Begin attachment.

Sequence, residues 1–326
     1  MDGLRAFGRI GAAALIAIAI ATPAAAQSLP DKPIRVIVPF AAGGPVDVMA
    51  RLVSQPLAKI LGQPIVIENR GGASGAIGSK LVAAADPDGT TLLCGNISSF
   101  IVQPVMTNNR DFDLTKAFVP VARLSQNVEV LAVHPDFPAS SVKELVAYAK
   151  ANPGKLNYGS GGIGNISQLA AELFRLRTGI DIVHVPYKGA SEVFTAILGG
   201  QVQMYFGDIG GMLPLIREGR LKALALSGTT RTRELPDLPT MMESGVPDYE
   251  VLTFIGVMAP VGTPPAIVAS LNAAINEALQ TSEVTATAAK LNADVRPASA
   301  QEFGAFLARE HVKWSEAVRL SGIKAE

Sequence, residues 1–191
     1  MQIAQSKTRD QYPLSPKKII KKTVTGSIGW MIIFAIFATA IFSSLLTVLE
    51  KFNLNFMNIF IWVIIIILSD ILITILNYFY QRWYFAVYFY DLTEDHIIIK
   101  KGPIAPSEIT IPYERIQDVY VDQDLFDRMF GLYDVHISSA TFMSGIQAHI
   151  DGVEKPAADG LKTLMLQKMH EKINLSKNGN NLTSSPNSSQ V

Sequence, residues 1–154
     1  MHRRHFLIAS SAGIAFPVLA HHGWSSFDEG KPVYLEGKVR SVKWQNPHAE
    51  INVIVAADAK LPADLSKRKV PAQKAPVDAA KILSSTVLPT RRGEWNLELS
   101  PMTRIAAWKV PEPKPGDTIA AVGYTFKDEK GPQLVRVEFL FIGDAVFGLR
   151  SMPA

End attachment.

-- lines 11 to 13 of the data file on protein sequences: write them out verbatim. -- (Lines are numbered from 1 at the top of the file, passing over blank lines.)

    51  KFNLNFMNIF IWVIIIILSD ILITILNYFY QRWYFAVYFY DLTEDHIIIK
   101  KGPIAPSEIT IPYERIQDVY VDQDLFDRMF GLYDVHISSA TFMSGIQAHI
   151  DGVEKPAADG LKTLMLQKMH EKINLSKNGN NLTSSPNSSQ V